SOAS University of London

Department of the History of Art and Archaeology, School of Arts

Arts of Tibet

Module Code:
158100013
Status:
Module Not Running 2019/2020
Credits:
15
Year of study:
Year 2, Year 3 or Year 4
Taught in:
Term 1

This course provides an introduction to the predominantly Buddhist Art and Architecture of Tibet as well as to the methods and resources for its study. It focuses on specific aspects of Tibetan art and architecture which are not yet well defined in the available literature. In particular it critically examines the main phases of the development of Tibetan art, the development of the vast Tibetan Buddhist pantheon and the interrelationship of its deities, the relationship of imagery to textual sources, the analysis of the iconographic program of a Tibetan temple, and the definition of Tibetan artistic schools in art historical terms.

Objectives and learning outcomes of the module

On successful completion of this module a student will be able to:

  • Use the most important resources for the interpretation of Tibetan Buddhist art and architecture, 
  • Reproduce the development of Tibetan art and architecture in its outlines and its relationship to the neighbouring regions,
  • Recognise and classify the most important deities of the Tibetan Buddhist pantheon in their relationship to other deities,
  • Read the art of Tibet in terms of compositional principles, functional relationships, and stylistic attribution,
  • Critically review a publication on an aspect of Tibetan Buddhist art and architecture.

Workload

  • 2 hours per week

Scope and syllabus

  1. Tibetan Art – Foundations
    Definition of and scholarship on Tibetan Art; layers of Buddhism in the arts; deity families in esoteric Buddhism and their emergence; art of the Tibetan Empire, 7th to 9th centuries.
  2. New Fervour – Second Spread
    Revival of Buddhist art in the 11th century; Tabo Main Temple; relationship of early Tibetan art to the art and architecture of India, Khotan and China; Nyingma and Kadam Schools.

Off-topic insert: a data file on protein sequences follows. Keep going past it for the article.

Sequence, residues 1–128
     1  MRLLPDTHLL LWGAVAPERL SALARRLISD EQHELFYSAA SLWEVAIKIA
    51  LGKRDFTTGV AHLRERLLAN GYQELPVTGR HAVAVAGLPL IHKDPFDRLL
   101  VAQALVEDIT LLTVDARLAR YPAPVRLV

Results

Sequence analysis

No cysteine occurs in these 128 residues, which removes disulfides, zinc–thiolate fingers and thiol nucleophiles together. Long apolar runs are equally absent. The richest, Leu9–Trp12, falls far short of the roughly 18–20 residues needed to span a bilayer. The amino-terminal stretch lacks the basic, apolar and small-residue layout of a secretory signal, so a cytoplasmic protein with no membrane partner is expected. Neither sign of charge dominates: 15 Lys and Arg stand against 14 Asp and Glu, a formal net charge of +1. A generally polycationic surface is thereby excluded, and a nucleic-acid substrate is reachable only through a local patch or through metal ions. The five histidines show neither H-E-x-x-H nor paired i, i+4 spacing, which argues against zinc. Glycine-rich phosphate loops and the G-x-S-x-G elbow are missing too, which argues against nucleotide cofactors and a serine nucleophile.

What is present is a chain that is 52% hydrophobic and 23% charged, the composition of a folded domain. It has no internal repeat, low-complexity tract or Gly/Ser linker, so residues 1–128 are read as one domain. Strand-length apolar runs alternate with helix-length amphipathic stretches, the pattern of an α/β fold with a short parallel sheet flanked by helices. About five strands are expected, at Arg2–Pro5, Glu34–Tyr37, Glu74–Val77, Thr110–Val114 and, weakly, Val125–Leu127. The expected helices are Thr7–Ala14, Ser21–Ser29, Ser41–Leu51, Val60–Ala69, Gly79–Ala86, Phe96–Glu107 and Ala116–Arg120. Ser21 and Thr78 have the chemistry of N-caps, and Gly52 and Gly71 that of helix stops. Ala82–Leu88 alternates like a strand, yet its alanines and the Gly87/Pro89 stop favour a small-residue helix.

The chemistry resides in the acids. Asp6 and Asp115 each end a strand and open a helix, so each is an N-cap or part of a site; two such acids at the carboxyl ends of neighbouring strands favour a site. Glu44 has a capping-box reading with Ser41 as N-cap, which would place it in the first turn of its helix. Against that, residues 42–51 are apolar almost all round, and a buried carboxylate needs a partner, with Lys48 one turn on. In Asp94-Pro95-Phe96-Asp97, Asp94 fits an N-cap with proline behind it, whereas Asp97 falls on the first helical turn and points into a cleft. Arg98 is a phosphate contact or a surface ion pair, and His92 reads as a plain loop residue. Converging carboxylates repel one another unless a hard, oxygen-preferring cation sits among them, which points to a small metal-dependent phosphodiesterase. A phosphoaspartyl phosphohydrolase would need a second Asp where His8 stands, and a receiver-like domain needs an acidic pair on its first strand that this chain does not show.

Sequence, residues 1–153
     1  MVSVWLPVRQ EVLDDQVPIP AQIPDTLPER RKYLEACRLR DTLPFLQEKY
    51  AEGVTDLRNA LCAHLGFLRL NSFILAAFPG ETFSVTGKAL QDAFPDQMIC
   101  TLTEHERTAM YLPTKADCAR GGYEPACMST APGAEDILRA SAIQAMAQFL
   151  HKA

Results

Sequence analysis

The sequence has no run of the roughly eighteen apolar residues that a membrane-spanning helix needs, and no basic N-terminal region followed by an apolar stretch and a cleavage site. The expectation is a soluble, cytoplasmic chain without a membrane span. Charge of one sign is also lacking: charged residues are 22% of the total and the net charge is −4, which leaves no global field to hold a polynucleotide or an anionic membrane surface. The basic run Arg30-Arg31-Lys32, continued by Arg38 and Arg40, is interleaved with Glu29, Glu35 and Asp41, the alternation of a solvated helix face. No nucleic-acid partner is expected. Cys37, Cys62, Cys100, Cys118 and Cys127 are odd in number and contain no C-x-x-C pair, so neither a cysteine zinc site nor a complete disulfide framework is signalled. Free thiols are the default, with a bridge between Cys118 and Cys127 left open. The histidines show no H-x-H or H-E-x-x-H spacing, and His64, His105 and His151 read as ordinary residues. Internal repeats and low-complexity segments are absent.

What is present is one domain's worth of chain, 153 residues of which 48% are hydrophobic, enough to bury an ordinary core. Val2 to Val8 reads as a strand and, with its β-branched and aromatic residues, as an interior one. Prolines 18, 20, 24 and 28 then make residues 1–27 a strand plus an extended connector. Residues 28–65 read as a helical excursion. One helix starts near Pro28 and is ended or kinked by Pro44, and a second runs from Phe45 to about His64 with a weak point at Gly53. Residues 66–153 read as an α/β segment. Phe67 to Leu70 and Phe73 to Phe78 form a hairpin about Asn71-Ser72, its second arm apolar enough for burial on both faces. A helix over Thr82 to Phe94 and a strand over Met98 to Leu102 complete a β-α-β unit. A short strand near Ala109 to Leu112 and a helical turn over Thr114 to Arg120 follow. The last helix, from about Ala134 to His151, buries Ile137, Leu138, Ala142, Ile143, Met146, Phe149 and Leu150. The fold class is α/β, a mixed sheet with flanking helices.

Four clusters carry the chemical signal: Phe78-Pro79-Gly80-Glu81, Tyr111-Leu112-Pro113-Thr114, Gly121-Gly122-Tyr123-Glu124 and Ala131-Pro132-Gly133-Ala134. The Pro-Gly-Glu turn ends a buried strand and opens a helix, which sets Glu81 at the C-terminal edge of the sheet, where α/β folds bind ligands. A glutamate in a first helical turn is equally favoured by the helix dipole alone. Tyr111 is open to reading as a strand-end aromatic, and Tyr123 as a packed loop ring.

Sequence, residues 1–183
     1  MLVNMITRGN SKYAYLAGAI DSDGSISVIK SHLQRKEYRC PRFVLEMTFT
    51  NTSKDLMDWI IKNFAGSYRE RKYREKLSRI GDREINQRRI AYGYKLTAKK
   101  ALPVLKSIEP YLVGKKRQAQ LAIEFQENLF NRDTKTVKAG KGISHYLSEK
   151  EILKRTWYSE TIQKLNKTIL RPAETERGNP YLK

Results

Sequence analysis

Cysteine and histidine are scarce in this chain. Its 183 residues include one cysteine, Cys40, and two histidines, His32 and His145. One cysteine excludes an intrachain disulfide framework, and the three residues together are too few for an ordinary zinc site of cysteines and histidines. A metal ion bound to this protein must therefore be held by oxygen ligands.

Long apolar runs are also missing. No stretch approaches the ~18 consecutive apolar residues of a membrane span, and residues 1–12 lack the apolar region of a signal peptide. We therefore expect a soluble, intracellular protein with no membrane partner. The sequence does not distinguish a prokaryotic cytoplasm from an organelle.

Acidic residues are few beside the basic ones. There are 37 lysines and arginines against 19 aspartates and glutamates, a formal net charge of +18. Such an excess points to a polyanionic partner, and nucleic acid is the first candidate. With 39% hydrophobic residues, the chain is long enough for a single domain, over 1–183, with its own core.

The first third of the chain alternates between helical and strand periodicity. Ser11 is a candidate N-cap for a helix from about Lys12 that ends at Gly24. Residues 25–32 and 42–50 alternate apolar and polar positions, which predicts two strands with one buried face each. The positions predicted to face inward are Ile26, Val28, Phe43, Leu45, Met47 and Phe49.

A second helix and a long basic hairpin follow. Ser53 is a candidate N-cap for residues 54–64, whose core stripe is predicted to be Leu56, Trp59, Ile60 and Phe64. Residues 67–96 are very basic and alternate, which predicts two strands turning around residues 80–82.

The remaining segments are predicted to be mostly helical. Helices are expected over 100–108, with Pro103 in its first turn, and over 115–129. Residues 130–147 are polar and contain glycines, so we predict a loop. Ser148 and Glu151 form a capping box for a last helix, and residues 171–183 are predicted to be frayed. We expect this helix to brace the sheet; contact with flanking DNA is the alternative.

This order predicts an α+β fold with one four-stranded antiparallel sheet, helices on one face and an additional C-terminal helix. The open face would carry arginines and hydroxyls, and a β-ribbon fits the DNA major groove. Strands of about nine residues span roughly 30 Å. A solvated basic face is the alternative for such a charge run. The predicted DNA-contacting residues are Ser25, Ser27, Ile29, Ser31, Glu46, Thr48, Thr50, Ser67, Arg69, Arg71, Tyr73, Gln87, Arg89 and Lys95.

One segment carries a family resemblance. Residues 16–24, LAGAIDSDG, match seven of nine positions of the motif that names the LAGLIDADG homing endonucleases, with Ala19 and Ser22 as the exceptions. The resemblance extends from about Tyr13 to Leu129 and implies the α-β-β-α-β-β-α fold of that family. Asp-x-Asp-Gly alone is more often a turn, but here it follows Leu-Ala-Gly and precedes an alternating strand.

3. Many Paths – Tantra and Mandala
    Prominent Yoga tantra themes; highest Yoga Tantras and its deities; mandala and its origin; mandala sets.
  4. New Schools – Worldly Buddhas
    Sakya and Kagyu schools of Tibetan Buddhism; teacher as awakened being; emanation, reincarnation and lineage; Tibetan scroll painting.
  5. Second Pantheon – Padmasambhava
    Emergence of Padmasambhava; the many faces of Padmasambhava; local deities and their conversion; encyclopaedic monuments.
  6. Regional Styles – Fifteenths Century
    Tsongkhapa and the emergence of the Gelug School; regional styles in the early fifteenth century; art of Gyantse, the Guge kingdom and Mustang.
  7. New Stage – Emergence of Landscape
    Yongle Emperor and Himalayan art; landscape in Arhat paintings and beyond; emergence of Tibetan artists and connoisseurship;  artistic styles aligned with schools.
  8. Divine Mansion – Potala Palace
    Rise of the Gelug School; the Great Fifth Dalai Lama and his Regent; history of the Potala palace; Lukhang and Dalai Lama court art; canonisation of knowledge.
  9. Reincarnate Artists – Tenth Karmapa
    Artistic traditions of the Karma Kagyu School; the tenth Karmapa as an artist; Situ Panchen Chökyi Chungne and his compositions
  10. Diverging Goals – The Last Century
    Naturalism, propaganda and conservatism; tradition reflected; identity, response and the art market.

Method of assessment

  • One 1,500-word object analysis (worth 25%)
  • One 2,500 word essay (worth 35%)
  • One two-hour exam (worth 40%)

Suggested reading

  • Berger, Patricia Ann. 2003. Empire of emptiness : Buddhist art and political authority in Qing China. Honolulu: University of Hawaii Press.
  • Brauen, Martin. 1997. The Mandala: Sacred Circle in Tibetan Buddhism. London: Serindia Publications.
  • Heller, Amy. 1999. Tibetan Art. Tracing the development of spiritual ideals and art in Tibet 600–2000 A.D. Milano: Jaca Book.
  • Konchog Lhadrepa, and Charlotte Davis. 2017. The Art of Awakening: A User’s Guide to Tibetan Buddhist Art and Practice. Boulder: Snow Lion Publications.
  • Kapstein, Matthew T. 2006. The Tibetans. Edited by T. Kapstein Matthew. Malden, Mass. [u.a.]: Blackwell.
  • Jackson, David Paul, Janice A. Jackson, and Robert Beer. 1988. Tibetan Thangka painting : methods & materials. Ithaca, N.Y.: Snow Lion Publications.
  • Snellgrove, David L. 1987. Indo-Tibetan Buddhism. Indian Buddhists and their Tibetan successors. London: Serindia.

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